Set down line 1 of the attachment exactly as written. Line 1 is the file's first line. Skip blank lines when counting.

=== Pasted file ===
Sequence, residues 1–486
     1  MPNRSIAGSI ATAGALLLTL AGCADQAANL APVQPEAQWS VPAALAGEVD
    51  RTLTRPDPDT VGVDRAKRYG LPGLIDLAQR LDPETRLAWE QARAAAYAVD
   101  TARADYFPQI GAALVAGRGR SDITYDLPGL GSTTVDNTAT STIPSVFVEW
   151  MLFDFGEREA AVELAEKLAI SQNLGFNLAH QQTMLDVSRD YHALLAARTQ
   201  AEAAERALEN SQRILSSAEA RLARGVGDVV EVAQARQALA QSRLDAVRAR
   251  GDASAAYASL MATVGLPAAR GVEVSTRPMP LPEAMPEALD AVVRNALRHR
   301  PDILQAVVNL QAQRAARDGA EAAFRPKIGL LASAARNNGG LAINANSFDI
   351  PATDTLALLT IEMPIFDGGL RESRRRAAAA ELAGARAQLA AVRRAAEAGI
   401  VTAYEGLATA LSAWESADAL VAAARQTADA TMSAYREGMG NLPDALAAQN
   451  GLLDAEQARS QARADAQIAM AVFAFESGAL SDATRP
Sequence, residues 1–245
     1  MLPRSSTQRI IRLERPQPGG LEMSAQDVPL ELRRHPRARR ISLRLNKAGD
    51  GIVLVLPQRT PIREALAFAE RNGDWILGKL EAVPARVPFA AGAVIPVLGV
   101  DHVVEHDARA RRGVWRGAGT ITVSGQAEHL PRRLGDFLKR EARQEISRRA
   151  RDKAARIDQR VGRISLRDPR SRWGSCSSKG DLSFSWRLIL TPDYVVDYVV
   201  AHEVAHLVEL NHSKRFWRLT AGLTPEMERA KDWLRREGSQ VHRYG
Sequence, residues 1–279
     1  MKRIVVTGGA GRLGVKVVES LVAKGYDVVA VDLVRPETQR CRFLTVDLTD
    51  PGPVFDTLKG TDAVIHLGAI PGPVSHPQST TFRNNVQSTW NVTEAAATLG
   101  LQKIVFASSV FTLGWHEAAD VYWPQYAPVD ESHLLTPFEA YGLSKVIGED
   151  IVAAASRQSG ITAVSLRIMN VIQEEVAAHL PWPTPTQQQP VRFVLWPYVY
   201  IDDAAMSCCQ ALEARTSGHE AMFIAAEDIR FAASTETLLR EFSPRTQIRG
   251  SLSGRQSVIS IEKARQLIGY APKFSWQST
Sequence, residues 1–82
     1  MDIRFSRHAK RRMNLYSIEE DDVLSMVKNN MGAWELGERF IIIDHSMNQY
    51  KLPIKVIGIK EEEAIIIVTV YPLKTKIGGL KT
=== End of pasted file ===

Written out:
Sequence, residues 1–486